Healthcare Compliance and Coding Management Effectiveness

Proceeding with the challenges systematically

            The case scenario under analysis presents several challenges. The first challenge is that regardless of the fact that the rural hospital has an electronic health record (EHR) system; there are some providers who still use paper documentation during the transition period. To ensure that all the providers embrace and use EHR, the transition will be managed on both complex and different levels including institutional, technological, cultural, financial, and administrative. There will also be refresher courses to ensure that the providers are able to use the different software applications including the electronic document management system, integration with cardiology, radiology, and laboratory systems, and computerized physician order entry (Stevenson et al., 2008). A number of change- management dynamics will be tried out with an intention of challenging those involved in the transition and promoting the use of EHR by all providers. A feedback mechanism is also important so that the providers will be able to report the challenges they are experiencing with the use of EHR, and in turn, they will be advised on how to overcome them.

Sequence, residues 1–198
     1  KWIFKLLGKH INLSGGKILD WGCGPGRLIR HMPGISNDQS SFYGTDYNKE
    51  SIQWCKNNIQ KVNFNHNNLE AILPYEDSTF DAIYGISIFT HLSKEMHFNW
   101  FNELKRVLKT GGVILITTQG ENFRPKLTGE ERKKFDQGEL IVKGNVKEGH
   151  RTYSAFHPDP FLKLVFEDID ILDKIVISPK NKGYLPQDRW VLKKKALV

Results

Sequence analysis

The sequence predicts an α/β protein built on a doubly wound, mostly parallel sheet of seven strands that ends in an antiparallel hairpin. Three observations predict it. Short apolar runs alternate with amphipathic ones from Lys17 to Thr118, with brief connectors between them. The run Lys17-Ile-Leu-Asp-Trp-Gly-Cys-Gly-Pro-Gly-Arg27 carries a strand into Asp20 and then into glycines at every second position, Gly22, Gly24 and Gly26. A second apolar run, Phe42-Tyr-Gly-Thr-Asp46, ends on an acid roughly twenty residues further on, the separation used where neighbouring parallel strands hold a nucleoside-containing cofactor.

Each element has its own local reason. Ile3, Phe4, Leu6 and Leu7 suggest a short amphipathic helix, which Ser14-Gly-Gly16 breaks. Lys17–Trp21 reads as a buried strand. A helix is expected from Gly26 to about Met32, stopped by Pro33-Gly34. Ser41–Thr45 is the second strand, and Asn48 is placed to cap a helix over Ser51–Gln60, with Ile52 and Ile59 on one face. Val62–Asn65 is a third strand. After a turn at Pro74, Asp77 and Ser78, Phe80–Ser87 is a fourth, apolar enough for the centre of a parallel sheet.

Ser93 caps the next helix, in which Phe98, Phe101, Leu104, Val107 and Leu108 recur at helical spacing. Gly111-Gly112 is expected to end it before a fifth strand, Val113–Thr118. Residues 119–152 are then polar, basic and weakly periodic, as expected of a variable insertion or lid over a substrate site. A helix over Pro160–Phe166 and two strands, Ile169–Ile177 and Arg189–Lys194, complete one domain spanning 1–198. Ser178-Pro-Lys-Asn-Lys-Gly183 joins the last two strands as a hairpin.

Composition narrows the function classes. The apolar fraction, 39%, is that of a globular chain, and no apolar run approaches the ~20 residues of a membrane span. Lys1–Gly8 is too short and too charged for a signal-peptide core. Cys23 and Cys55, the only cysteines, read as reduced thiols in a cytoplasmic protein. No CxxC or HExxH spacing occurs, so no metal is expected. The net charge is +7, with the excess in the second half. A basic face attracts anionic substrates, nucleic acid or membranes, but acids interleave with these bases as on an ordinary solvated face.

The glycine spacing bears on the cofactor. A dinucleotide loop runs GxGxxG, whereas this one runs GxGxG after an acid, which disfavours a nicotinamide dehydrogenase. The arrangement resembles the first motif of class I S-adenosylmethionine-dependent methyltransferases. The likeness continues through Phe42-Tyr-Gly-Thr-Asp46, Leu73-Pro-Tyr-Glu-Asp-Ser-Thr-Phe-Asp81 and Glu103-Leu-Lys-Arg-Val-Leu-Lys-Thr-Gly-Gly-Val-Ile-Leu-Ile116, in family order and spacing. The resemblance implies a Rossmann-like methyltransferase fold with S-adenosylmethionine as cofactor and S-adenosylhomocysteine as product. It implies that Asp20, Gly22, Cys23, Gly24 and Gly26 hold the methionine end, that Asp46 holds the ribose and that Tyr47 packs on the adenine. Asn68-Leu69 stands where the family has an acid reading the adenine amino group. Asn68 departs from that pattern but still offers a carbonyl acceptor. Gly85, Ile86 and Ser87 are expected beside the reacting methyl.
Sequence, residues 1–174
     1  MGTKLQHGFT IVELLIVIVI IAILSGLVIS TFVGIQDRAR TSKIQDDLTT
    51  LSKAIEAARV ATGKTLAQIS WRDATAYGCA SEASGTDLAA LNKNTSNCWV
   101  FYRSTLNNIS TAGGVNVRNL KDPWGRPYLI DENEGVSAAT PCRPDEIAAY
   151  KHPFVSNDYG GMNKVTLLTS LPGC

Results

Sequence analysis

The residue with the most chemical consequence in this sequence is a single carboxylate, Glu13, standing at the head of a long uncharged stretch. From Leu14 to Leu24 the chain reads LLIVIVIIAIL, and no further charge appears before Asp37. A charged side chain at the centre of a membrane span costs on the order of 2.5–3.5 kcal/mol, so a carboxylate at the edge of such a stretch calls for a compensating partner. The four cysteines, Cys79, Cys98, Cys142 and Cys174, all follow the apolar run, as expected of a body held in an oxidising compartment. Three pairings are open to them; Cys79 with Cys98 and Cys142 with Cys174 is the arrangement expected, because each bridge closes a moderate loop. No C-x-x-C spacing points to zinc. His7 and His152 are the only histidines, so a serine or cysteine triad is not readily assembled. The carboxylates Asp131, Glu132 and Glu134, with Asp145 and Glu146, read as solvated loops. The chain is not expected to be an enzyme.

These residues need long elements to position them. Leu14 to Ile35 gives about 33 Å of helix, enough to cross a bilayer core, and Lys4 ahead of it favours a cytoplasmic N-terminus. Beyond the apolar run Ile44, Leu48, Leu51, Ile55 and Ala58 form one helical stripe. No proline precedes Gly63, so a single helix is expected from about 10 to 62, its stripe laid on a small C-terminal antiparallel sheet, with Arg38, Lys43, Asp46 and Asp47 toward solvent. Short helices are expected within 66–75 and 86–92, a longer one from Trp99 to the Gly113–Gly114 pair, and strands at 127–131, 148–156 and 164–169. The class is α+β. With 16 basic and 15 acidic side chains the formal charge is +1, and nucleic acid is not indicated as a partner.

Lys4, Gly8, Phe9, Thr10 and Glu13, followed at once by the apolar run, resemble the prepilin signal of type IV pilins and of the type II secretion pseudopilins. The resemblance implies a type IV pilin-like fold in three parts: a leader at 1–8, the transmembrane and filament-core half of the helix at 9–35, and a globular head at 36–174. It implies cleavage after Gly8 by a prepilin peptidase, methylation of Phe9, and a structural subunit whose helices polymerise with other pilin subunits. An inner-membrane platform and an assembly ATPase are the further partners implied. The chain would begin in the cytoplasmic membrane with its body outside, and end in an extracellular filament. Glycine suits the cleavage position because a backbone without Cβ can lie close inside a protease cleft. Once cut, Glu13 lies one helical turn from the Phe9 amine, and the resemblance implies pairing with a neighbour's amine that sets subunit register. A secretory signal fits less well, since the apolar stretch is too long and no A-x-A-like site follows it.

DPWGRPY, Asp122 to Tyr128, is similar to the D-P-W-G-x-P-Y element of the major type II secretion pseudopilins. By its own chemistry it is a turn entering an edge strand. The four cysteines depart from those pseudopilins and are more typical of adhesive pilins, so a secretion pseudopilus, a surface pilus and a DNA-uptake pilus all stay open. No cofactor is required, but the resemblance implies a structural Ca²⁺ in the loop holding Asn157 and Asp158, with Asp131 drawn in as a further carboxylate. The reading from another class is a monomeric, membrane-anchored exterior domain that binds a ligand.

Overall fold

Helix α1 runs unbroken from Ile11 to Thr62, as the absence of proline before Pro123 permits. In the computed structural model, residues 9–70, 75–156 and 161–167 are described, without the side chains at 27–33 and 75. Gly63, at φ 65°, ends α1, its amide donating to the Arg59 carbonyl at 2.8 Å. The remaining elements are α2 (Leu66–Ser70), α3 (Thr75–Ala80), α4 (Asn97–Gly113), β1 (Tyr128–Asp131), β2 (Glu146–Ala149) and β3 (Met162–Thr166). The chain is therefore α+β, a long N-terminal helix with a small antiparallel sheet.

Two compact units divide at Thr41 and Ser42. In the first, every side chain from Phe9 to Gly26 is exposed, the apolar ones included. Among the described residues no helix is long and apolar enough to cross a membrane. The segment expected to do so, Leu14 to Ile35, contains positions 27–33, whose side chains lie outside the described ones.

The rural hospital failed since the intention to eliminate one of the coders was not kept confidential. This information leaked out and made the staff worried. Instead of attending to their duties, they are more focused on discussing the rumor. A spokesman is sent to confirm the rumor and is promised that more information will be gathered from the superiors and a staff meeting held. The atmosphere at the hospital is evident that the staffs are unsettled and have no morale for work since they are not sure who will be eliminated. In the light of this discussion, honesty and communication are very key in handling this situation (Westra, Solomon & Ashley, 2009).  The termination is to take place in six months time but the management at the hospital should engage in a fair, consistent, methodical, and written layoff process. There should be a written justification of the desire to terminate, a written procedure through which the coders will be selected, and a termination policy. In addition, there is need for a release and severance agreement, Human Resource’s role, management’s role, and selection criteria (Stevenson et al., 2008).  After the candidate to be terminated is identified using the also criteria such as education level, level of experience, age, and performance, an advance notice should be issued to the person. The hospital’s attorney should be involved in the entire process and confidentiality should be maintained (Wu et al., 2006). It is important for the hospital management to consider options such as telecommuting, workweek schedule, wage reduction, or transferring the coder to the outpatient clinic since the provider there is overburdened by attending to many patients every day.